If however he says in his heart, "I don't have the strength nor the desire in myself to quit drinking. But I want God's will in my life. If He will teach me from Scripture and give me the power to overcome, I will submit my life to His will." In this attitude of faith and submission, even if he goes on to struggle with the habit for years before God gives him victory, he will not lose salvation. He is acknowledging the righteousness of God's command and walking in a saved relationship with Him.

 We obey God, not to be saved, but because we love and trust Him. He has already saved us when we believed. Love, not the hope of rewards in the kingdom, is the driving force that changes our lifestyles. In fact, when we really love Jesus, heaven itself is a side issue. The only reason we really want to go there is not the wonderful rewards but because we want to be with Him.

Specifically as it pertains to health, my pastor friend asked, "Why do Seventh-day Adventists have standards that go so far beyond what Scripture requires for salvation? Even though your fundamentals say you are saved by grace, you must surely be legalists at heart. Otherwise you wouldn't have so many health rules! In Scripture you don't have to do any of these things to be saved!"

He seemed surprised to learn that we already know that! But it’s a good question. Why are our standards so high? 

I believe it’s because Seventh-day Adventists have a deeper understanding of the length and breadth of the gospel. That's not to say that we know it all and there is nothing others can teach us. However the light of the sanctuary and great controversy teachings give us a profound comprehension of God's unfathomable love for us in Christ. We look at the cross and see the Lamb slain from the foundation of the world, who crushed the head of the serpent by being bruised for our iniquities, who intercedes for us in heaven and is returning in glory to reign, who will open judgement before us and then destroy death, sin and Satan forever heralding a new creation. We look and we are overwhelmed.

Through perceiving His amazing love for us, we fall head over heels in love with Him. Thereafter we no longer want to get by on just the bare minimum for salvation. We want to be wholly consecrated and submitted in every way possible to our Saviour who has done so much for us. Yes, we want to live by the moral principles that all Christians live by, but we also want more! We want to give up every habit that harms the body-temple in which Christ resides. We want to rest with Him on His day. We want to give more and more of our resources toward His work. Despite our present condition, we want to eat and drink and live our lives as closely as possible to the perfect ideal He created for us in Eden before sin. What’s more, we can show Scriptures that reinforce the fact that people who are in love with the Lord will naturally respond in this way. It is all a labour of love! This is who Seventh-day Adventists are.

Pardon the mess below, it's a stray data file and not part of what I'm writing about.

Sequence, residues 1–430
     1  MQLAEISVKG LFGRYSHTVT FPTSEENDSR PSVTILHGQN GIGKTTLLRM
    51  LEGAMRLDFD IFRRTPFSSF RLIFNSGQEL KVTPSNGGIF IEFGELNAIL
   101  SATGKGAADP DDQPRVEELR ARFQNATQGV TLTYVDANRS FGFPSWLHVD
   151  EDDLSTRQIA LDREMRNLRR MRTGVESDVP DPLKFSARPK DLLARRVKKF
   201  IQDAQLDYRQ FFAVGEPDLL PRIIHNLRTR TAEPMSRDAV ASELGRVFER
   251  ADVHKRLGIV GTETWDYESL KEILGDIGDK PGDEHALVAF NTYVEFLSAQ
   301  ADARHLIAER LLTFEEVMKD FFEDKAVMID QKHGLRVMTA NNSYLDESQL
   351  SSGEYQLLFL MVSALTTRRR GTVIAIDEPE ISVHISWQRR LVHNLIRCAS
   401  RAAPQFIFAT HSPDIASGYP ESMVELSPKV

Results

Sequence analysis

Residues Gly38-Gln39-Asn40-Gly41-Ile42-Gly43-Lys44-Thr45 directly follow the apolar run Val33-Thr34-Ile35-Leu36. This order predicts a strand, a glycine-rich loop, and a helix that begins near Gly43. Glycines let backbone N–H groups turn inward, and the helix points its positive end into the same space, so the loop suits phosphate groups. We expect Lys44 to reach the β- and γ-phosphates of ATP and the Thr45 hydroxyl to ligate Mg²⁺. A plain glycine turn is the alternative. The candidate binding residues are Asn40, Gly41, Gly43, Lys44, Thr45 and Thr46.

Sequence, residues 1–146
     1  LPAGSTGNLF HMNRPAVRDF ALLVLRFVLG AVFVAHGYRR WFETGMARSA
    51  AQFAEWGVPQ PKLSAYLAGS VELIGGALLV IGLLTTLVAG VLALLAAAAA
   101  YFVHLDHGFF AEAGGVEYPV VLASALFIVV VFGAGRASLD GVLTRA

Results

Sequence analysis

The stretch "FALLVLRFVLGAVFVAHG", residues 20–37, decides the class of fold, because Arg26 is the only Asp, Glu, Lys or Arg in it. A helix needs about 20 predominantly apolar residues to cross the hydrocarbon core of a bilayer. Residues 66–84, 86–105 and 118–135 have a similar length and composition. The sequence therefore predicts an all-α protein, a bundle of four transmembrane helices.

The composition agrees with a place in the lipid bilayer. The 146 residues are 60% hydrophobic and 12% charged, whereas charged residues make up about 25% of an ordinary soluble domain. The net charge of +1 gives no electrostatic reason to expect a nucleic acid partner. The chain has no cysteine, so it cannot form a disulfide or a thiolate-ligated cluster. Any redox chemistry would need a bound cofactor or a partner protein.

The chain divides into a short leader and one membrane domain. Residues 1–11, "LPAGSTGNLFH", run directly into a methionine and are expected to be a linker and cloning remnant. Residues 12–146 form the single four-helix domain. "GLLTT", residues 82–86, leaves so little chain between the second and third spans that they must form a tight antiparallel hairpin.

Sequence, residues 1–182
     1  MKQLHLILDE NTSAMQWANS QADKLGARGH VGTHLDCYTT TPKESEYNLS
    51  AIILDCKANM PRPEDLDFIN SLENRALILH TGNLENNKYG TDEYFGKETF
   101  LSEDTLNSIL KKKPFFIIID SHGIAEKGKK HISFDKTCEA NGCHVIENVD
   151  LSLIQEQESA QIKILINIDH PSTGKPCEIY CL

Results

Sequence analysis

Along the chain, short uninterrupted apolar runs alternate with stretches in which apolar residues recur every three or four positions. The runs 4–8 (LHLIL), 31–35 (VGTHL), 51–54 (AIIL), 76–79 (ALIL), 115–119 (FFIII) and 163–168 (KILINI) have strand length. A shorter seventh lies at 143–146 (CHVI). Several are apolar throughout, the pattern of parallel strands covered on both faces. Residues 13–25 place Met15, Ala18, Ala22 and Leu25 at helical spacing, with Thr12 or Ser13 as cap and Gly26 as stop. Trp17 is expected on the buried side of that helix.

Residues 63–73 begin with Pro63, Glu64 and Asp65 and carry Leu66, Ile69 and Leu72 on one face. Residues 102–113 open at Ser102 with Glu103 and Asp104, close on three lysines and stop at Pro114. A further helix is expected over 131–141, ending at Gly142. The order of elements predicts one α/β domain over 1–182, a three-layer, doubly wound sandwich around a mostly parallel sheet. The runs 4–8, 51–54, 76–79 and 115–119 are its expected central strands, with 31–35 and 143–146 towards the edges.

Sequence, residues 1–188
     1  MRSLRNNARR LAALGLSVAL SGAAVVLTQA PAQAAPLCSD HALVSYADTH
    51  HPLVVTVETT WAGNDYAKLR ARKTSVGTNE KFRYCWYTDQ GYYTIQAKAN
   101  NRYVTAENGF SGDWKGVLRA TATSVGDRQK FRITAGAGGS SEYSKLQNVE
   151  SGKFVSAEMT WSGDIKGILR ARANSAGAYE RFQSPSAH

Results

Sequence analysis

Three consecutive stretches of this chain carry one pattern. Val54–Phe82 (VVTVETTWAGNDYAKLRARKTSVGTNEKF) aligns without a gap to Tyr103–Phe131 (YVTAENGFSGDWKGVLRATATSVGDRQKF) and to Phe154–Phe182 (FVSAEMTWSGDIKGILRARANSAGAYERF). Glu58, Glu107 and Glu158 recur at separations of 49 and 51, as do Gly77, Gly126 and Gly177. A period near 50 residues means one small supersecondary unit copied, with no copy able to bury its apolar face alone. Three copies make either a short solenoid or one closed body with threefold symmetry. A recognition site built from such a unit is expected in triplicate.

We are not legalists, we are "lovely-ists"!

This sets us free from judging others by these standards because we know how desperately short we are falling of Christ's purity. We also remember that God is dealing with us slowly, so we likewise give others patience, love and prayer as they grow into these principles. 

Of course, Adventists like any other Christians, aren’t immune from mixing up the fruit of the Spirit with the price of salvation, believing it is our “good works” or “avoidance of bad works” that gains us entrance to heaven. But just because there is a counterfeit, it does not mean there is not a genuine article. If we put our faith in our own works, we will fail. If we put our faith in the atoning blood of Christ, we will be both redeemed and transformed.

So when it comes to our lifestyles let's look to Jesus each day and be “lovely-ists”, not justifying poor lifestyle decisions, but rather acknowledging our insufficiency and asking Him daily for transforming power to overcome.

Let’s not be legalists; let's all be lovely-ists!         

Daniel Matteo pastors the Edmonton and Mossman churches in Far North Queensland.